Brown Acid 13

Brown Acid 13

Brown Acid 13

Brown Acid: The Thirteenth Trip

Riding Easy

While music fans might realize that rockabilly, garage, and punk launched hundreds of amateur bands, who knew that just about every city in America had hard rock bands influenced by Deep Purple, Cream, and Led Zeppelin, churning out heavy, musically adept groovers, seemingly radio-ready yet ignored or forgotten over time? The archivists at Riding Easy Records did, and have released thirteen amazing compilations of unheard hard rock, heavy psych, and proto-metal under the Brown Acid title. While it’s hard to believe this is the thirteenth collection of these hard-rocking yet forgotten tunes, it’s equally mind-blowing that a collection this far into the series can be so strong.

Brown Acid: The Thirteenth Trip presents another ten rockers that should have been all over the airwaves in the late ’60s/early ’70s, but for whatever reason never got the breaks to become household names.

It certainly wasn’t lack of talent that held these bands back. The compilation opens with “Run Run” by Ontario’s Max, crafted around a rising guitar riff and employing a groove recalling prime James Gang. If you want fuzz, it’s delivered in excess on the next song “Dark Street” by Ralph Williams and the Wright Brothers, which sounds like a collaboration between Deep Purple and Blue Cheer. These songs were well-crafted, and the musicianship is top-notch, like the vocals in Gary Del Vecchio’s “Buzzin,” or the guitar solo and Bonham-influenced drums in Master Danse’s heavy blues “Feelin’ Dead,” and almost all the bands show mastery of the primal riff. It’s not all pummeling, however, The Thirteenth Trip closes with the insanely catchy “Detroit” by Good Humore which recalls “High School” era MC5 with a cleaner sound.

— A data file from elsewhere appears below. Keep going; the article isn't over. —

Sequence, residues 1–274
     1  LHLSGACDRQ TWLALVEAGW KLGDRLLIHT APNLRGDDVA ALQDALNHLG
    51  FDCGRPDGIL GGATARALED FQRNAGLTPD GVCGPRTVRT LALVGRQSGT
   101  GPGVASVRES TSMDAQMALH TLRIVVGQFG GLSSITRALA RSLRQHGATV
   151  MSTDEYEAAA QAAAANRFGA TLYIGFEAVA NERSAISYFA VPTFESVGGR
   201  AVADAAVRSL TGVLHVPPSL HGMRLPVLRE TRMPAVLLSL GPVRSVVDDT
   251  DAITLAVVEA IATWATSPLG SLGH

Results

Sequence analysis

After just a few plays, these songs were firmly lodged in my head, once again prompting the question, “Why weren’t these bands all over the radio?” While I’m sure each bands’ situation was different, it adds up to a tremendous missed opportunity by the major labels at the time.

Their loss is your gain, however, as Brown Acid: The Thirteenth Trip curates an incredibly strong collection of forgotten hard rock nuggets that deserve to heard and played loud. You can also feel good about knowing, that unlike some compilations of unknowns, Brown Acid actually contacts the artists and fully licenses their work. Ethically sourced fuzzed-out monster guitar licks! What could be better?

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